Types of employee benefits and what it says about organizations

While a higher salary range is the obvious catch for employees to finalize on a job offer, benefits make a significant difference too. Glassdoor’s 2017 employee benefits guide reveals that 57% of the respondents agreed that perks and benefits were one of the most important factors in their decision about a job. However, apart from making a job offer more attractive, ‘benefits’ can also tell you a lot about the employer brand. Organizations that choose to go beyond the statutory benefits and offer more, tend to spell out their employee culture and the kind of relationship they want to build with employees. 
So apart from the statutory ones, what are the other types of benefits that companies offer, and what can you infer about the employer brand from it? Let’s take a look.

Career growth benefits 

Educational assistance or tuition reimbursement 
Rewards for additional certificates
Assistance for executive programs
Reimbursement for general training courses
Mentoring and counselling

These benefits focus on the professional and intellectual growth of employees. By providing such benefits to its employees, organizations exhibit a keen interest in enhancing their knowledge and learning. It also tends to reflect that the employer is focusing on building a long-term and mutually-beneficial association with its employees by investing in their knowledge and skills. Employees who are eager to learn and grow find such workplaces to be most attractive. Student loan assistance, for instance, is the most preferred employee benefit in the US. 

Work-life quality benefits 

Paid and unpaid parental leave 
Day care/ crèche
Flexi work hours
Monetary assistance for day care/elder care 
Vacation time 

Benefits such as part-time working hours or work-from-home opportunities which touch upon the lives of employees beyond work, fall under work-life benefits. These benefits help the employers to contribute to enhancing the quality of their employees’ lives. Organizations that include such benefits in their compensation plans tend to build a more empathetic relationship with their workforce. According to a Harvard Business Review Survey, employees have ranked benefits favoring ‘work-life balance’  second, after healthcare.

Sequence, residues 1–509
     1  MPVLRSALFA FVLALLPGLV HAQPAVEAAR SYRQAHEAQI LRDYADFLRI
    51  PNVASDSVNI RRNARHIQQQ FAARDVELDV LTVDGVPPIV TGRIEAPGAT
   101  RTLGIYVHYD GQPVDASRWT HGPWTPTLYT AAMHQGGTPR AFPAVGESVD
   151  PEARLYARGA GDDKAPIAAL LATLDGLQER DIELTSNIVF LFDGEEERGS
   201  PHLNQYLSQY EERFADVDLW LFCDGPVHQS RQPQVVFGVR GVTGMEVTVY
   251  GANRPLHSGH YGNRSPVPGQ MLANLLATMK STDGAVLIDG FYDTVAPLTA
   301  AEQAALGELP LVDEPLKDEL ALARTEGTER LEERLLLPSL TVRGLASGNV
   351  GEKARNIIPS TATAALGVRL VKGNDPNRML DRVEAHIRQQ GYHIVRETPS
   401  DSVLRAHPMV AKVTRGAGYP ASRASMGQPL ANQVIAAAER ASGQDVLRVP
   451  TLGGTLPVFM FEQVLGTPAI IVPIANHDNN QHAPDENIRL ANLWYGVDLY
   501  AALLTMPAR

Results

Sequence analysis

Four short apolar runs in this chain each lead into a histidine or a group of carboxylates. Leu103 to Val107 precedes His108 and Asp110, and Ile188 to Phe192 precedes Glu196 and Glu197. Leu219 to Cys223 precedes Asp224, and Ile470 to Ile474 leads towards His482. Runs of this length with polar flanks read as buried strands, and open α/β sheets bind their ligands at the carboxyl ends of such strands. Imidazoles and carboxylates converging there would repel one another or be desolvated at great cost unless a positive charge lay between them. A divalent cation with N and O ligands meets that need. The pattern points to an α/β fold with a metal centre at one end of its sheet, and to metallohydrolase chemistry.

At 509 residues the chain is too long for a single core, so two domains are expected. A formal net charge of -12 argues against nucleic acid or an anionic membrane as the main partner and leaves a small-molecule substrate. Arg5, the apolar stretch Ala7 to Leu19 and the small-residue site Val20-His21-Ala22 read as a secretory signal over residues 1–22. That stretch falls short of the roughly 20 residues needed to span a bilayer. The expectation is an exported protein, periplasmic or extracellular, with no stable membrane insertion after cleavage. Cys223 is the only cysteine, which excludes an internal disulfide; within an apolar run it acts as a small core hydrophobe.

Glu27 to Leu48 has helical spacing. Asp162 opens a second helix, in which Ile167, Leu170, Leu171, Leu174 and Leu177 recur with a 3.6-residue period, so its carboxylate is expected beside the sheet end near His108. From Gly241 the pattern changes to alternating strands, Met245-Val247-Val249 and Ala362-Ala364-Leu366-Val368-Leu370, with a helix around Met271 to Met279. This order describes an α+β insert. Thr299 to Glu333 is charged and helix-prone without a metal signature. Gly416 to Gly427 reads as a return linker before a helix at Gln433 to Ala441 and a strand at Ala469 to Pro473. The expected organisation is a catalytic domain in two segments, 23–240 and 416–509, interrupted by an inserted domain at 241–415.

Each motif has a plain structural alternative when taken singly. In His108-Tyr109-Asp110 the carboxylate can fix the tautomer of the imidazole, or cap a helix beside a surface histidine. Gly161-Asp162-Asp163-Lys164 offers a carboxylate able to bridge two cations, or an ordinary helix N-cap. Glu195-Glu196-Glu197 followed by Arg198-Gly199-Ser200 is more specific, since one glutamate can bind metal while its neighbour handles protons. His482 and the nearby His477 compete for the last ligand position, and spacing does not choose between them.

Further incentive benefits

Employee stock ownership plan (ESOP)
Profit sharing scheme
Pension or savings plan
Company car 
Loan assistance 
Housing 

 Further incentive benefits focus on assisting the employees in their financial growth. ESOPs, contribution retirement plans, and other saving plans are no more considered as just fringe or secondary benefits. Companies are using these financial benefits to reward and retain their high potential and ambitious employees. Walmart-backed Flipkart is a good example where an organization has gone ahead and made its employees a part of its profits by offering ESOPs to them. This is also the company’s way to cash-in on its employees’ stockholding. 

Fringe benefits

Profit bonus
Gratuity
Leave with-pay 
Housing allowance 
Meals 

 A considerable proportion of fringe benefits are given in the form of monetary bonus, etc. As per the employers Federation of India, fringe benefits were about 21.3% of the total wages paid in a year. These benefits have more to do with the nature of the job and are provided primarily for the actual or perceived needs of employees. Employers provides such monetary or non-monetary fringe benefits to their employees to foster a more committed and productive environment at work. 
As a well-informed employee, you must look at what the organization has to offer beyond the regular compensation. The benefit structure of a company can help you gauge its organizational values such as employee-friendliness, work culture, social responsibility, innovativeness, etc. Look for companies that will invest in your growth along with them. Seeking such benefits from your employer is a symbiotic way of working which will only motivate you to be more productive and loyal. 

 
< return to previous page